Group composition, size, and average group size at different locations.
Age/sex composition of groups monitored every month between November 2001 and December 2002, and September 2003 and February 2004 inhabiting disturbed and undisturbed forests.
Golden langur group and individual densities were estimated from transect data for each reserve separately and compared with the information provided by Srivastava et al. (2001b) (Table 3). The greatest number of groups and individuals/km2 were found in Chirrang Reserve Forest, and the lowest numbers were in Manas National Park. A negative relationship between group density and habitat quality as a simple measure of percentage of canopy cover (Tables 4 and 5) is evident, except in the Ripu Reserve Forest. This is also true when individual density is compared, again except for the Ripu Reserve Forest. This suggests that as the quality of habitat deteriorates, the number of groups and individuals increases. These findings are also true when data obtained from satellite images are used (Table 5, Data Source: IRS-1C & 1D LISS III; India, Forest Survey of India 2003).
Sample plots, group and individual densities at different locations during 19971 and 2001.
Percent of sample plots with indicated levels of canopy cover.
Total area, forest condition and habitat quality index (HQI) at different locations
The political unrest in the area between the late 1980s and late 1990s has lead to the present day deforestation crisis and all the reserve forests suffered from the so-called tragedy of the commons. Although commercial logging was banned by an interim order of the Supreme Court of India in the late 1990s, illegal encroachment and woodcutting using hand tools have severely affected these forests reserves (Srivastava et al. 2001b). Areas that were classified as dense forest during the 1997 survey were recorded with no canopy cover or severe loss of canopy cover in the present study (for example, certain patches of Ripu Reserve Forest). Data obtained on canopy cover indicated that more than 60% of the area of Ripu Reserve Forest had less than 20% of canopy cover, Chirrang Reserve Forest had 40%, Manas Reserve Forest had 26%, and Manas National Park had 40%. Accordingly, using habitat parameters, logging, and grazing pressure Manas National Park and Manas Reserve Forest, Chirrang Reserve Forest, and Ripu Reserve Forest were classified as undisturbed (or least disturbed, with the highest degree of protection) to the most disturbed, in that order.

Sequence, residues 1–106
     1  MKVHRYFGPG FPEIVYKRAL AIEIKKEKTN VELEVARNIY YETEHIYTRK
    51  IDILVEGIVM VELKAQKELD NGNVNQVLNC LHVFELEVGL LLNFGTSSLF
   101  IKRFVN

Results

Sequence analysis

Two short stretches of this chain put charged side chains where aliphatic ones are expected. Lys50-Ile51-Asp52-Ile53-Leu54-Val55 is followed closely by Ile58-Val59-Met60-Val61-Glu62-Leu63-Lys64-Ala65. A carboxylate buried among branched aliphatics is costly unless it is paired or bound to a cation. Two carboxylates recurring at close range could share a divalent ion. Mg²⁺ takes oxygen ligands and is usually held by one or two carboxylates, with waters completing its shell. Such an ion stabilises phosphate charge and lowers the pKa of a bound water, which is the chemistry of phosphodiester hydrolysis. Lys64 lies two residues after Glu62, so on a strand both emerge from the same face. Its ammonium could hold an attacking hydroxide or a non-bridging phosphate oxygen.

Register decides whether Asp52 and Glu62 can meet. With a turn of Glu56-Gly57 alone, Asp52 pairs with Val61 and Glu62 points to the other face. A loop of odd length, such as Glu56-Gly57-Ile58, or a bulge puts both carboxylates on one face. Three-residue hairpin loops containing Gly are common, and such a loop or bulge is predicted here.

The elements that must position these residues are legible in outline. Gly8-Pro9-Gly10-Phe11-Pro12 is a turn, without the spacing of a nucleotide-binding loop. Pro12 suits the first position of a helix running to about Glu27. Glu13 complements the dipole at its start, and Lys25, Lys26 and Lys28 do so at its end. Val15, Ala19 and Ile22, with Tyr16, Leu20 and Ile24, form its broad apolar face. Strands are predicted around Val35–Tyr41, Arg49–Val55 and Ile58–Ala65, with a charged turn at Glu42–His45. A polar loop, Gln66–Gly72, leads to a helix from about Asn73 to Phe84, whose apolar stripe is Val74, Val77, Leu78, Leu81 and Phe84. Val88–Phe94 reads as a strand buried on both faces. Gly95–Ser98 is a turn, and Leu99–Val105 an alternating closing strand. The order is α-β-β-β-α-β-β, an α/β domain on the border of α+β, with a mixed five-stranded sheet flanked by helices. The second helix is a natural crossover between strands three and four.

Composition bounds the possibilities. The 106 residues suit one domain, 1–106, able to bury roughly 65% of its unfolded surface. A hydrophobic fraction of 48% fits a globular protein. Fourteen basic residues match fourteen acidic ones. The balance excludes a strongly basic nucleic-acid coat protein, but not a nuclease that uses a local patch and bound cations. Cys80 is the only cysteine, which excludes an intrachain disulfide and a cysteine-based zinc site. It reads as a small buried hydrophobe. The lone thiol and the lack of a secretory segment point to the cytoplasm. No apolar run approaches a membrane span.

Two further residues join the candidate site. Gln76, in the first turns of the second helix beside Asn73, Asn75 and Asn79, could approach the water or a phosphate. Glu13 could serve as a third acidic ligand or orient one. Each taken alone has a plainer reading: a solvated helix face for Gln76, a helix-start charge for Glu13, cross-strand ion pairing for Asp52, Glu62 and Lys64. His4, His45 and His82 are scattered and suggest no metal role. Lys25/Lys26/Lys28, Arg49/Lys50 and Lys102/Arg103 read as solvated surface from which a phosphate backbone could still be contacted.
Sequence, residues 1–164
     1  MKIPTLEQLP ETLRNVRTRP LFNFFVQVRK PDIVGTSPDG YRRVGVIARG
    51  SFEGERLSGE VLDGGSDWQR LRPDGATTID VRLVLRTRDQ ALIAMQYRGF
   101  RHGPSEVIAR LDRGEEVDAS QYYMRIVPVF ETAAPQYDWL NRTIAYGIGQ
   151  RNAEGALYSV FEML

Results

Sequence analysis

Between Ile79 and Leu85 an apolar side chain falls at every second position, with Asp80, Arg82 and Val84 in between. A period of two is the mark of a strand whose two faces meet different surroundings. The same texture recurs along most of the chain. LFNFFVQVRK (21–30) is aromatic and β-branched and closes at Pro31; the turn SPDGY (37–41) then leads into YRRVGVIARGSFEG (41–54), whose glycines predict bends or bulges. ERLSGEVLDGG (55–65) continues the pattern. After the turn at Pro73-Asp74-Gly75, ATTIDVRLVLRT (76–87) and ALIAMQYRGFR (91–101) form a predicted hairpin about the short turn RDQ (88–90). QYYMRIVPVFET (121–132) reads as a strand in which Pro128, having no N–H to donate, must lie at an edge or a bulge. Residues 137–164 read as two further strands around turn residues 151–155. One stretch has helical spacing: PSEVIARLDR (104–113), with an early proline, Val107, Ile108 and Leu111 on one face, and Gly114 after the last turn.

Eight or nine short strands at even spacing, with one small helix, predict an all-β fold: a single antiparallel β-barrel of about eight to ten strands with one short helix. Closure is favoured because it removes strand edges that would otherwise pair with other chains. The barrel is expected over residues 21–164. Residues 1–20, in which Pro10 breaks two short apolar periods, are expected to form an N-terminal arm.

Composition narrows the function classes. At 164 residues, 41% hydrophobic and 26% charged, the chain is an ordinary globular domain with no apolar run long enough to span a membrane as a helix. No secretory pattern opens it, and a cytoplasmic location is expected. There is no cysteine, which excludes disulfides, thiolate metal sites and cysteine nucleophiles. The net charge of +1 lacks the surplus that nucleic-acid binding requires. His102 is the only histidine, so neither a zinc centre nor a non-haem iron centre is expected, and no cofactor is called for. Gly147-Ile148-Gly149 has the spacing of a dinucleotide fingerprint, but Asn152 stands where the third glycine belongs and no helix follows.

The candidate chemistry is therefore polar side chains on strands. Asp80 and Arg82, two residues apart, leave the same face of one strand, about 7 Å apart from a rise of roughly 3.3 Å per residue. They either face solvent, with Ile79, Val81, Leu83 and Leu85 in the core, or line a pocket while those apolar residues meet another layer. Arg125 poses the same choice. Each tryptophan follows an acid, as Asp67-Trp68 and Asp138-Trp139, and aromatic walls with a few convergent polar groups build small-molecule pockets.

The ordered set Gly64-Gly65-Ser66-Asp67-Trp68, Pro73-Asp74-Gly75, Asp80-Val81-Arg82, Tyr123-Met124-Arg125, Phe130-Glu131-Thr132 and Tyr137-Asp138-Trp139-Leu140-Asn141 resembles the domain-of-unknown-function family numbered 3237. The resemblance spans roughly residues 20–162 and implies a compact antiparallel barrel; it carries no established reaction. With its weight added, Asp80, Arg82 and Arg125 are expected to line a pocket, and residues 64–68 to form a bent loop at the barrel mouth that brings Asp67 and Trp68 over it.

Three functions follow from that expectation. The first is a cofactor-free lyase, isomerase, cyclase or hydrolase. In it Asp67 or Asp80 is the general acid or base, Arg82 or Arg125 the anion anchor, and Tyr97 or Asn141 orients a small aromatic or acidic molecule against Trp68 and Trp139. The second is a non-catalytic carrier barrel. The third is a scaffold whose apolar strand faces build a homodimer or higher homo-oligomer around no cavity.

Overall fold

An analysis of 12 permanently marked Modified Whittaker plots with 1,090 trees of 11 2 species showed a plot diversity of 2.5 for undisturbed habitat and 1.9 for the disturbed habitat. The average diameter at breast height for all trees over 10 m was 0.86 m in the undisturbed habitat and 0.78 m in the disturbed habitat. Home range also varied, with 4.3 km2 for undisturbed habitat to 1.2 km2 for disturbed habitat.
We estimated the available suitable langur habitat for each of the four sites (three reserved forests and a national park) on the basis of habitat parameters (canopy cover, ground cover, average DBH and number of lianas) collected from sample plots independently. Table 5 provides information on the total area of the reserves, total forest cover, canopy cover, and availability of suitable golden langur habitat (for details on total forest cover and canopy cover, definitions, and district boundaries (see India, Forest Survey of India 2003).